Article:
The New York-based operation isn’t working on an air taxi concept like so many eVTOL startups; it’s working on an air minibus. The company hopes to produce a large zero-emission aircraft that will be able to carry up to 40 passengers while zipping through the air.
With the exception of Illium’s latest concept, which can fit seven, most of the eVTOL prototypes we’ve seen over the last few years have only had room for two to three passengers. Kelekona’s concept, which is basically a mass transit vehicle, can carry out about 10,000 pounds of cargo capacity. In the very nascent stage of the eVTOL era, those numbers are unheard of.
Size isn’t the only thing Kelekona has got going for it, either. The air minibus will be pretty zippy, apparently. Kelekona’s website promises that its aircraft will be able to make the 330-mile flight between Los Angeles and San Francisco in an hour. That’s about as much time as it would take to fly between California’s two major cities, except without the hassle of having to go to an airport.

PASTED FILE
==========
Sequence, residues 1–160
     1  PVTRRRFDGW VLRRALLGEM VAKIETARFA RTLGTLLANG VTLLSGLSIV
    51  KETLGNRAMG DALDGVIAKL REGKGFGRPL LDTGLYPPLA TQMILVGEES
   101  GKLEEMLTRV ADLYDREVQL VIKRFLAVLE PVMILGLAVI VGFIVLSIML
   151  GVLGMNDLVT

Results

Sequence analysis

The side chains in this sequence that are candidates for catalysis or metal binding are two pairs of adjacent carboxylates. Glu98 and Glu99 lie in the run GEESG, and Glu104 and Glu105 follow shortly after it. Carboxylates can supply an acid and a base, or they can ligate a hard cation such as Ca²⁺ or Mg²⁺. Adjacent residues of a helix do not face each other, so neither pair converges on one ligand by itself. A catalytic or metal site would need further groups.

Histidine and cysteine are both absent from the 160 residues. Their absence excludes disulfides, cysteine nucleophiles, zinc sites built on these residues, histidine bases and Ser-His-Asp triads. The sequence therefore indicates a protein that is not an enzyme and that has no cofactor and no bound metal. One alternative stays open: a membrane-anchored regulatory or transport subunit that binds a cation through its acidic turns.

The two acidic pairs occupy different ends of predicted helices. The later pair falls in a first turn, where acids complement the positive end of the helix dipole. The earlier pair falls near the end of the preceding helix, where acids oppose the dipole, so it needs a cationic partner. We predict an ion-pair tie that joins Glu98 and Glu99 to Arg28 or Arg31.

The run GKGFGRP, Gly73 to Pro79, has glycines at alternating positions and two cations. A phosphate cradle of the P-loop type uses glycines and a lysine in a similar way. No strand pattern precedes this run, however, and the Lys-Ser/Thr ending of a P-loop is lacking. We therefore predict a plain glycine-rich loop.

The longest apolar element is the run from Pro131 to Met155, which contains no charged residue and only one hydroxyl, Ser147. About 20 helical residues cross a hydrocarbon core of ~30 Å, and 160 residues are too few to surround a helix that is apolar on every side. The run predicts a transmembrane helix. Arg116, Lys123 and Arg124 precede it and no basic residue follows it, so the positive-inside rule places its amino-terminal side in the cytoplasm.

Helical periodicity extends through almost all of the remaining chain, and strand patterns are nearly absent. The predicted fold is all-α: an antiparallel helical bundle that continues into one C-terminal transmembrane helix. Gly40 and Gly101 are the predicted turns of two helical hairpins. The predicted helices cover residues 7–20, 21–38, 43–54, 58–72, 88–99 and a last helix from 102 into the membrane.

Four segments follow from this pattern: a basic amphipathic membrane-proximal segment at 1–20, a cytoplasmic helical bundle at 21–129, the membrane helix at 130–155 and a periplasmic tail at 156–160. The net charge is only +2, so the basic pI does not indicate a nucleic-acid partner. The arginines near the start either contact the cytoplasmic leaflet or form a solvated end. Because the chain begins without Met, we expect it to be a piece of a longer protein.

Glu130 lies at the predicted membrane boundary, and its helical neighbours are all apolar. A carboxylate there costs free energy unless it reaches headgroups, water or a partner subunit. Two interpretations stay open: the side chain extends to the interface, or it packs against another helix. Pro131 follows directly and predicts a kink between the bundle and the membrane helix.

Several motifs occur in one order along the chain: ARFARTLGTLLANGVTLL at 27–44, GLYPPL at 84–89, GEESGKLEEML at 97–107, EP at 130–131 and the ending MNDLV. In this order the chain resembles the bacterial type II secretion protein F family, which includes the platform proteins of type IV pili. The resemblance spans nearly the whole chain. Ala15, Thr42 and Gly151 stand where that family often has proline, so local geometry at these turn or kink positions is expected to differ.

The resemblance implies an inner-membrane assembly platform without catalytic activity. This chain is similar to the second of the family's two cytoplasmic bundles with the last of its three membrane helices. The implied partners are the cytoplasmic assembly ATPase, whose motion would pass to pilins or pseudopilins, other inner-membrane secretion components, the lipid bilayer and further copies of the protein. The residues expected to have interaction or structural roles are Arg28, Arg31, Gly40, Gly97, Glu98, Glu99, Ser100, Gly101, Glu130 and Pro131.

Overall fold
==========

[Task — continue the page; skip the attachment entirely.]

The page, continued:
So how will the company’s battery-powered airbus be able to accomplish all this? That remains to be seen, as the only thing we really know about the craft is that its blimp-shaped body will be made of a 3-D-printed composite and that it will be powered eight fail-safe vectoring fans and a swappable battery to minimize turnaround time between flights. A video posted by the company to YouTube shows the fans lifting the craft off the ground, rotating to propel it forward, then rotating to their original position as it lands.
While Kelekona says it’s focused on mass transit for now, the company foresees other uses for its eVTOL, including as a military transport and an air ambulance. No timeline for production of the flying minibus has been announced as of yet, but the concept certainly something different and worth keeping an eye on. Stay tuned.